Historical and Personal Remembrances Relating to Alta California, 1769–1849 (2 Volume Set)
Published by: University of Oklahoma Press
Imprint: University of Oklahoma Press
1488 Pages | 6 x 9 | 145 B&W Illus.
Mariano Guadalupe Vallejo (1807–90) grew up in Spanish California, became a leading military and political figure in Mexican California, and participated in some of the founding events of U.S. California, such as the Monterey Constitutional Convention and the first legislature. With his project, undertaken for historian and publisher Hubert Howe Bancroft, Vallejo sought to correct misrepresentations of California’s past, which dismissed as insignificant the pre–gold rush Spanish and Mexican periods—conflated into one “Mission era.”
Instead, Vallejo’s history emphasized the role of the military in the Spanish colonization of California and argued that the missionaries after Junípero Serra, with their medieval ideas, had actually retarded the development of California until secularization in the early 1830s. Culture, he contended, was of intense interest to the Californio people, as was the education of children. His accounts of Indigenous peoples, while often sympathetic, were also characteristic of his time: he and other California military leaders, Vallejo maintained, had successfully subdued “hostile” Indians and established mutually beneficial relationships with others.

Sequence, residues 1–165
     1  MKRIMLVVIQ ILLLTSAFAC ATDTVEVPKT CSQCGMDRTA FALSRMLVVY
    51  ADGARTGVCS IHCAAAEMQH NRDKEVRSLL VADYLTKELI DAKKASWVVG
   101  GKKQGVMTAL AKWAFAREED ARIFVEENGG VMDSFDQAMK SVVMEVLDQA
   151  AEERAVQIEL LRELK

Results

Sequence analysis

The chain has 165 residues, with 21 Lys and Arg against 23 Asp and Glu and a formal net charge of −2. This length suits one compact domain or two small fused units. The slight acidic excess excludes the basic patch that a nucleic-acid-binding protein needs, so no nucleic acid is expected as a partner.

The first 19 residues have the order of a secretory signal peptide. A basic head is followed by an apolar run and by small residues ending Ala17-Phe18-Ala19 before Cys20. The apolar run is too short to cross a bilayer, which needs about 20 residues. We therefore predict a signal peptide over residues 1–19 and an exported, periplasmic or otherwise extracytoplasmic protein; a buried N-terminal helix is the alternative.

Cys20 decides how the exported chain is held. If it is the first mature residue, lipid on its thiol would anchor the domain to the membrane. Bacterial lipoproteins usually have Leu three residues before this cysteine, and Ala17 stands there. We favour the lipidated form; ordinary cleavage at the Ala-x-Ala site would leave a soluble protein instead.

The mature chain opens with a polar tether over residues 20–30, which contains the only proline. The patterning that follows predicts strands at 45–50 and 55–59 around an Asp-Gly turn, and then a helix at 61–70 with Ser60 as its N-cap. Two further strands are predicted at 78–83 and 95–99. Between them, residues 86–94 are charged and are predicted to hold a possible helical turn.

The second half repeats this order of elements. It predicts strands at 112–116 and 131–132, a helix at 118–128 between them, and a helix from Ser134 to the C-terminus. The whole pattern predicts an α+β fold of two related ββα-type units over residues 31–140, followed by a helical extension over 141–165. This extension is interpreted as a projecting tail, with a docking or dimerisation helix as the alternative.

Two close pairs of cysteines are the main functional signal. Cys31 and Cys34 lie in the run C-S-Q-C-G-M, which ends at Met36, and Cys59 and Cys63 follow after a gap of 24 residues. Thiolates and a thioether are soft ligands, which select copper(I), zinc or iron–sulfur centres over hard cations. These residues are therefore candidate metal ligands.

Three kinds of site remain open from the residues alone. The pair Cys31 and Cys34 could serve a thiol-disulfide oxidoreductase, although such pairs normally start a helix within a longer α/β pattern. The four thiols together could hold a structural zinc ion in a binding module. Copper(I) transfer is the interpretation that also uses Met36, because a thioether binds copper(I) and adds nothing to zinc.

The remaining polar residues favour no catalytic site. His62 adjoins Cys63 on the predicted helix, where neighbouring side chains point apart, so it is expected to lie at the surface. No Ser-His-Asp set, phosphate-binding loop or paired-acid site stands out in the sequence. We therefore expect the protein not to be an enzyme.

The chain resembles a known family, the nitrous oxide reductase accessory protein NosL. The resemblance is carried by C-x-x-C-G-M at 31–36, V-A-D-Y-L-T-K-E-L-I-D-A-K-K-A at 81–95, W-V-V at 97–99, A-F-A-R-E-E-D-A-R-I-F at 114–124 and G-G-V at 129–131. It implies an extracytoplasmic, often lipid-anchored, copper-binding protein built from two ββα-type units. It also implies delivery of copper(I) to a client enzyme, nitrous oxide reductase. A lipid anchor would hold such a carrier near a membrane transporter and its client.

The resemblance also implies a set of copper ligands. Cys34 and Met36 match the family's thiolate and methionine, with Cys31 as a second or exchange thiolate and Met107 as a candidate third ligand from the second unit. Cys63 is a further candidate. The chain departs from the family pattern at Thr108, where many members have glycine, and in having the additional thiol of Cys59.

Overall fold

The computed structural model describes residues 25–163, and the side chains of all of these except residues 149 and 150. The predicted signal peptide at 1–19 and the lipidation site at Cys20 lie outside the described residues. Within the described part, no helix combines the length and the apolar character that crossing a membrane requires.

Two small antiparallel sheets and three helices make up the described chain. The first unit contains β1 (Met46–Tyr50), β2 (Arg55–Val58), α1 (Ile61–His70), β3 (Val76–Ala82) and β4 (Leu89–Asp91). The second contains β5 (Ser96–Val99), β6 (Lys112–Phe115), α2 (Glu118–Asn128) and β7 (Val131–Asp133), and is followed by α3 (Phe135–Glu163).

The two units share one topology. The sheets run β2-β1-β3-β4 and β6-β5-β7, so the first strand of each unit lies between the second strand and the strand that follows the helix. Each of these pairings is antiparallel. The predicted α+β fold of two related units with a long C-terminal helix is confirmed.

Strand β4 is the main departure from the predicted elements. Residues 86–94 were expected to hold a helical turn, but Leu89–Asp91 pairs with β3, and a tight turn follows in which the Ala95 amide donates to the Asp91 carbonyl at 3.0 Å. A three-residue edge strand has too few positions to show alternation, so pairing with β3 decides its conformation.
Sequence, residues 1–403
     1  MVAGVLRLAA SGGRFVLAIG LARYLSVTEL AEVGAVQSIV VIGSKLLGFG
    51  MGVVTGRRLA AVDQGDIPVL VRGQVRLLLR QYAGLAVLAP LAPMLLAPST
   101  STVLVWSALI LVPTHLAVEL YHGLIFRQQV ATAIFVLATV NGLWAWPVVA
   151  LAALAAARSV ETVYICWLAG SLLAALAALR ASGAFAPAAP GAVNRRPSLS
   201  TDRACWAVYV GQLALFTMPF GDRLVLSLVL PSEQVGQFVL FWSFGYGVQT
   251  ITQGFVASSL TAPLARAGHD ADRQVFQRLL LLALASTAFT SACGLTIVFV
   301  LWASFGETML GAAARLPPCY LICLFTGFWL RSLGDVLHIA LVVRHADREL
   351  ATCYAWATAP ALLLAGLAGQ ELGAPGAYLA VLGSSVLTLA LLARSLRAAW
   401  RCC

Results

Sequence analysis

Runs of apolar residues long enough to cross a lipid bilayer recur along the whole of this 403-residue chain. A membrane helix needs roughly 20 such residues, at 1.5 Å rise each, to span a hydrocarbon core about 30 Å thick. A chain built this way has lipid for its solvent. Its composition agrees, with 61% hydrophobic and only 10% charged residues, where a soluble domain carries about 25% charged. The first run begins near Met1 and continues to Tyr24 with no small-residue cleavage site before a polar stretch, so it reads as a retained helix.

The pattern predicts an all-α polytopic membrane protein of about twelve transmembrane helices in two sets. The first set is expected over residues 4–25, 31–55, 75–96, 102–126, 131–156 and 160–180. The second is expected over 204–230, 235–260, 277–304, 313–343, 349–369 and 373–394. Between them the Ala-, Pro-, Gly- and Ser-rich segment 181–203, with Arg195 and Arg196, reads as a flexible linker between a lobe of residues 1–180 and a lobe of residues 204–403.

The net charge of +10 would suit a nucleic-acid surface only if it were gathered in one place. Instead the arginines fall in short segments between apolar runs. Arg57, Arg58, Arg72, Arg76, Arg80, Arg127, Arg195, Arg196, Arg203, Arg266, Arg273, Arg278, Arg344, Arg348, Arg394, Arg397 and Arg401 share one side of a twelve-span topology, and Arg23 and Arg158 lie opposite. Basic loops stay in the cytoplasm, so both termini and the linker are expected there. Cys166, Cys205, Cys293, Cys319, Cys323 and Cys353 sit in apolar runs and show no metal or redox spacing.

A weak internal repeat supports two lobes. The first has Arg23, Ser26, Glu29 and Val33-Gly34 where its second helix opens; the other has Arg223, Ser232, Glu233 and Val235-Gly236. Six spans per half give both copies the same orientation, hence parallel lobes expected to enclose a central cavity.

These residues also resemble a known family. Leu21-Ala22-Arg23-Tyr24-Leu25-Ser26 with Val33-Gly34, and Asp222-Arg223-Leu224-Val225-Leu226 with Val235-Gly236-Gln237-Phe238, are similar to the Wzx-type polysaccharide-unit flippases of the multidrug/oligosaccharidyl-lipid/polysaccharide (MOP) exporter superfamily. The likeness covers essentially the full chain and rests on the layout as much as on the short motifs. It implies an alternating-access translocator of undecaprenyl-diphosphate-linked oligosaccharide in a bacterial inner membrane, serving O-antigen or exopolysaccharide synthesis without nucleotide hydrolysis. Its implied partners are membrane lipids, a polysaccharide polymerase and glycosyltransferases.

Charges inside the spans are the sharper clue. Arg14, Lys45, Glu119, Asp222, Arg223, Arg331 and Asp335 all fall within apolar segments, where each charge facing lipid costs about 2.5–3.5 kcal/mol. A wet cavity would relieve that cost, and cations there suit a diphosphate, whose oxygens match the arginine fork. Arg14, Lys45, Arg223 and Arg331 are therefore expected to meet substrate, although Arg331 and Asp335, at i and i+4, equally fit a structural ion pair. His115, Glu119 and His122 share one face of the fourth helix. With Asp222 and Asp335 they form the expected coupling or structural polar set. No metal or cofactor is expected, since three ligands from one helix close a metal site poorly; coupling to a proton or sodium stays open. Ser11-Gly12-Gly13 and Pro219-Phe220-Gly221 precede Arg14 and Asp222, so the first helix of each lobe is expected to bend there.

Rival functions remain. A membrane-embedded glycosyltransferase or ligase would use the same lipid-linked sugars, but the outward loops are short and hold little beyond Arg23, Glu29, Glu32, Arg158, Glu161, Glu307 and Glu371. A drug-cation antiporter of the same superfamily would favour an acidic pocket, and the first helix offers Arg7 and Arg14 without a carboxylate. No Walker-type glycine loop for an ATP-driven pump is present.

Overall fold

Out of keeping with Bancroft’s American triumphalism, Vallejo’s monumental project was consigned to the archives. With their deft translation and commentary, Rose Marie Beebe and Robert M. Senkewicz—authors of a companion volume on Vallejo’s work—have brought to light a remarkable perspective, often firsthand, on important events in early California history. Their efforts restore a critical chapter to the story of California and the American West.
“These volumes should be widely read by all those interested in the history of California and the American West under Spanish, Mexican, and American rule. Its triumph lies in bringing forth a formerly hidden history that raises important insights for today’s discussions about colonialism and race.”—James Sandos, author of Converting California: Indians and Franciscans in the Missions
“A significant addition to the rich documentary heritage of California history. Beebe and Senkewicz provide the definitive translation, one that enriches our understanding of Vallejo and his times.”—Albert L. Hurtado, author of John Sutter: A Life on the North American Frontier